Protesters clash over French plan to legalize gay marriage

Home > Culture > Features

print dictionary print

Protesters clash over French plan to legalize gay marriage


People attend a demonstration against the same-sex marriage on November 17, 2012 in Lyon, central eastern France. France’s Socialist government on November 7, 2012 adopted a draft law to authorize gay marriage and adoption despite fierce opposition from the Roman Catholic Church and the right-wing opposition. AFP Photo

PARIS - Thousands of Catholics and other opponents of French government plans to legalise gay marriage and same-sex adoption marched in Paris on Sunday, a day after more than 100,000 turned out across France for the cause.

The rally, organised by conservative Catholic group Civitas, was marred by accusations that protesters had roughed up journalists and topless counter-protesters partially dressed as nuns.

Police said some 9,000 people had joined the protest, rallying behind slogans such as one large banner reading: “France needs children, not homosexuals.”

Civitas official Alain Escada said gay marriage was “a Pandora’s box” that would let others demand extended marriage rights, including polygamists and incestuous people.

“Our objective is to wage a real battle to protect the family and child,” said Escada, whose group claims 1,200 members and a network of some 100,000 supporters.

Senior members of the far-right National Front also took part in the rally.

The protesters included several young people wearing cassocks, a Christian clerical garment. Others waved the French flag and banners depicting the Christian cross and other emblems.

Bertrand de la Buharaye, a pensioner from Dinan in northern France who came to the rally on a Civitas chartered bus, said: “A child cannot flourish normally without a father and a mother. It’s against nature.”

Besides the opponents of the bill, a dozen topless activists from the Ukrainian-based women’s movement Femen had shown up to stage a counter-protest dressed as nuns and chanting “humourous” slogans, said French feminist writer and columnist Caroline Fourest.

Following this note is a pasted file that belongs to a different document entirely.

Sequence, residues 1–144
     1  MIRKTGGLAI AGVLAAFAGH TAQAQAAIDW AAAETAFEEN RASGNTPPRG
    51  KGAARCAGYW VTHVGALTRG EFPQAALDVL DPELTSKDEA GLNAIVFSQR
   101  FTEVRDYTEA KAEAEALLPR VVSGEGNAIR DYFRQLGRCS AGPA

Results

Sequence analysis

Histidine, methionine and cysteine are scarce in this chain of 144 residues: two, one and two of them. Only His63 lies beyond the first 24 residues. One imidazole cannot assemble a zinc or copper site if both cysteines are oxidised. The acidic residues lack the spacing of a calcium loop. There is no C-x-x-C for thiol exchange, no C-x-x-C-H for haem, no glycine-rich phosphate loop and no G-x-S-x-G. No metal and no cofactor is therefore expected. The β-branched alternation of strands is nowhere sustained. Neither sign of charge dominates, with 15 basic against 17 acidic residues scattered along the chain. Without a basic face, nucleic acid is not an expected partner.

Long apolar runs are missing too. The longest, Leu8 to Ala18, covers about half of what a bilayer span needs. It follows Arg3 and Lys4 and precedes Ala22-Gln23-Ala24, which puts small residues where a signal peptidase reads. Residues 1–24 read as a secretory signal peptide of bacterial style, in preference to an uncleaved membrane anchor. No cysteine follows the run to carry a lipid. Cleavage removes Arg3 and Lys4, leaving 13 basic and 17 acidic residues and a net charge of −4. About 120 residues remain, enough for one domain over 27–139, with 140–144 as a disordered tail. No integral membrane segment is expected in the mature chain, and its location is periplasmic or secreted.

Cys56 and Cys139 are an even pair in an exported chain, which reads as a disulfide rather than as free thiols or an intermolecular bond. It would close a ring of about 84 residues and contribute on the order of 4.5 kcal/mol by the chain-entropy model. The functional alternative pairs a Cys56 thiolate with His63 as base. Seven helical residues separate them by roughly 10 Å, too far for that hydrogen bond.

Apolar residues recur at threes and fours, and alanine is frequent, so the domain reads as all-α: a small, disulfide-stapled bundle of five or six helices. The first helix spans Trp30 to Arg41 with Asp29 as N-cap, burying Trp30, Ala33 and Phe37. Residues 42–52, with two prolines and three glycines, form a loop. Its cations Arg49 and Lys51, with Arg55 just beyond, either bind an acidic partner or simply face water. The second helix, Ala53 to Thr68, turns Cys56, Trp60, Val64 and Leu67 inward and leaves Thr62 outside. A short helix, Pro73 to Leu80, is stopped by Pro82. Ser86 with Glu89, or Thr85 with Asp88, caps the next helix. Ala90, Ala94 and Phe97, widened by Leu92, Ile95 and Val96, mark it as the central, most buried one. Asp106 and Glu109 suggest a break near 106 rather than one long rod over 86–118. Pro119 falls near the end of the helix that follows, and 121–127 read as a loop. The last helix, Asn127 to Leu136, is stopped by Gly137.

“When they moved toward the demonstrators, some of (the protesters) ran after them, raging,” Fourest said in a phone call with AFP from a police wagon, where the women had been taken for their own safety.

She claimed the women were hit by their pursuers, who also lashed out at journalists filming the scene.

Several photographers were roughed up, an AFP photographer said. The local police station said officers had made five arrests.

President Francois Hollande’s government and its allies sharply criticised the aggression.

French Socialist party first secretary Harlem Desir denounced it as “stupid”, and government spokeswoman Najat Vallaud-Belkacem said authorities would take a zero-tolerance stance on violence.

“There is no place for the extreme right’s acts of aggression in our country,” Vallaud-Belkacem said.

“The government will show no tolerance for this violence.

Family Minister Dominique Bertinotti said violence was “intolerable” and went against French values.

“We cannot tolerate violence, homophobic sentiments, they are punishable under the law,” the minister said on Europe 1 radio.

She also spoke out against what she called “counter-truths” advanced by opponents of the bill.

“(The idea) that there will no longer be any reference to father or mother in the civil code is completely false,” she said.

“We are not substituting one kind of marriage for another. Marriage as it has been designed for heterosexual couples remains the same but is now being opened to same-sex couples.”

Social Affairs Minister Marisol Touraine said she respected demonstrators’ concerns but that the government was not scrapping its bill, which will be debated by the national assembly on January 29.

During Saturday’s rallies, police in the southeastern city of Lyon detained around 40 youths who had come to oppose the protest, and police in the southwestern city of Toulouse used tear gas against a group of several hundred counter-protesters.

Hollande’s government has come under fire from Catholic groups and the rightwing opposition over the bill.

Pope Benedict XVI on Saturday called on the French church to make its voice heard on social issues.
Log in to Twitter or Facebook account to connect
with the Korea JoongAng Daily
help-image Social comment?
lock icon

To write comments, please log in to one of the accounts.

Standards Board Policy (0/250자)